For the school aged child, reading and writing skills are directly related to language! Children take information in through listening and reading. They share information through speaking and writing.
- Does your child have difficulty sounding out words when he or she is reading?
- Does your child have difficulty understanding what he or she has just read?
- Does your child struggle to spell words that he or she just practiced the week before?
Reading Evaluation – Decoding:
A reading and spelling evaluation may be able to pinpoint the problem. Reading evaluations focus on the child’s ability to accurately “decode” or sound out words, read irregular spelling patterns, read fluently, and comprehend what they have read. Any description of a child’s reading ability must include consideration of the efficiency and accuracy of decoding. Word analysis skills, which form the initial foundation for sophisticated reading, need to be evaluated during oral reading. To assess these skills, observations are made about the ease and accuracy at which children decipher the phonology of an unfamiliar word. A number of specific questions should be asked when evaluating a child’s word analysis skills. First, how effectively is the child focusing on the details of the word? Second, are there certain letters or letter combinations that have not been mastered? Third, are there problems blending the sounds in the right sequence to form words? Fourth, what is the rate and efficiency of the word analysis? Both silent and oral reading abilities should be evaluated. All children need to read well to succeed in school, and without adequate decoding skills, children will struggle throughout school.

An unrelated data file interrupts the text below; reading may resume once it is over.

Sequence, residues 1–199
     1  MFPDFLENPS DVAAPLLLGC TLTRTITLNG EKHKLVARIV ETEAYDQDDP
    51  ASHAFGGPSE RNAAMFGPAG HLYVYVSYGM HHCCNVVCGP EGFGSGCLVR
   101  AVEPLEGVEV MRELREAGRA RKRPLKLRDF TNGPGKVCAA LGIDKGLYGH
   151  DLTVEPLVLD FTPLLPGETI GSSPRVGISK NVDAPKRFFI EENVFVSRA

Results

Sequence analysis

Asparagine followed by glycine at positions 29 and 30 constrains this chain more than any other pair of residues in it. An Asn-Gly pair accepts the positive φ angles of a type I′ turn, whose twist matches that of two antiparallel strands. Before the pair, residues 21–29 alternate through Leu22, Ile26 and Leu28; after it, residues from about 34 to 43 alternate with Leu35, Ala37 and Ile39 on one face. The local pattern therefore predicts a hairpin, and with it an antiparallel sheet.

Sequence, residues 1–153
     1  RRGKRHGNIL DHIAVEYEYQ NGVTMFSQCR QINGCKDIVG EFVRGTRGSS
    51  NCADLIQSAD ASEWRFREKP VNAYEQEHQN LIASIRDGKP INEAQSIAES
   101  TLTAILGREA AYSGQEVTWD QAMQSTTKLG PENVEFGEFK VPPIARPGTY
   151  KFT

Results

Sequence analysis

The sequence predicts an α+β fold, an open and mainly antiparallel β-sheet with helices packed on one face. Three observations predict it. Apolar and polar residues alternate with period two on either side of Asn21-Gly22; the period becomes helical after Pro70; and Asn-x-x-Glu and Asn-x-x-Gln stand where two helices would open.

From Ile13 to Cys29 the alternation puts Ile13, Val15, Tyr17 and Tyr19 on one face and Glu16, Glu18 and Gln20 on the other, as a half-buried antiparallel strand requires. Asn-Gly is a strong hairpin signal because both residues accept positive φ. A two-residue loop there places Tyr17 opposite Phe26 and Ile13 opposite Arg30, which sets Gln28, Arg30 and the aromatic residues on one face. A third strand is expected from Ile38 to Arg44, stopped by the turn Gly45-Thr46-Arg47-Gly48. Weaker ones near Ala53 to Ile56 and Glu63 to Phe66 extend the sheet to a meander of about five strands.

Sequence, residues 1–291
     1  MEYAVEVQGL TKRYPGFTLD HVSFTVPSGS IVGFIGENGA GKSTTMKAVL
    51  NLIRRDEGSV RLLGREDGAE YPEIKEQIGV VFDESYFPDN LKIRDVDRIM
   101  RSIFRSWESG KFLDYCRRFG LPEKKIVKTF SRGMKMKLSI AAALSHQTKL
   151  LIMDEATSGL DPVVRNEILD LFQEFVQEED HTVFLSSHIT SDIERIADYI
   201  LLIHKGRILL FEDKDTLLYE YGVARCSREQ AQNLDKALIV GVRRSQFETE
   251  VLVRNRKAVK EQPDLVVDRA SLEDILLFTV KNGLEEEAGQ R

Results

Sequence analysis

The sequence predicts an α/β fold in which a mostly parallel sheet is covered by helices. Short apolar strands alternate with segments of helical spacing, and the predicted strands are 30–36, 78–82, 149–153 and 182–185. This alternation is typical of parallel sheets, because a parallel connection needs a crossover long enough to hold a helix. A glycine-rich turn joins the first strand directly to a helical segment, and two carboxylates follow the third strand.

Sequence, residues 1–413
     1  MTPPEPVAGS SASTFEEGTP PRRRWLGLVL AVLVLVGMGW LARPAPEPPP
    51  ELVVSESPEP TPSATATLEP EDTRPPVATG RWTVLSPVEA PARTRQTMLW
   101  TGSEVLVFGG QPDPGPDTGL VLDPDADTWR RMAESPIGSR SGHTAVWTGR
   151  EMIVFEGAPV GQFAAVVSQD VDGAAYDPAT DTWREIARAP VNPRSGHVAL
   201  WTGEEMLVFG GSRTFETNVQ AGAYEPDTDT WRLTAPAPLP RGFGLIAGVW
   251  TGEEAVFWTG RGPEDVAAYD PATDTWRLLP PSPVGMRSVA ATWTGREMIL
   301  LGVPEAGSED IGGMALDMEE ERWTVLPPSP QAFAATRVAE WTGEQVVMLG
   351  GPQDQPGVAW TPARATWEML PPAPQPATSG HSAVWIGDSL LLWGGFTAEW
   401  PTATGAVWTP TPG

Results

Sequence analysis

Reading Comprehension Evaluation:
An evaluation of reading comprehension is a complex undertaking. First of all, comprehension requirements change drastically as children age and reach the more advanced grades so that increasingly sophisticated measures must be employed. Second, comprehension is impacted by so many variables that it is difficult to measure each in a relatively pure form. Attention, memory, language ability, background knowledge, organizational skills, higher cognition, and ease of decoding all influence understanding. Reading comprehension is generally tested by having children read a paragraph and then answer questions. The accuracy of responses is taken as an indication of competency. The questions may relate to specific vocabulary in the passage, structure, literal meaning, main ideas, and supporting details, author’s point of view and stylistic techniques. The goal is to identify the reason for the child’s challenges in understanding what they have read, so that they do not have to re-read to gain meaning from what they have decoded.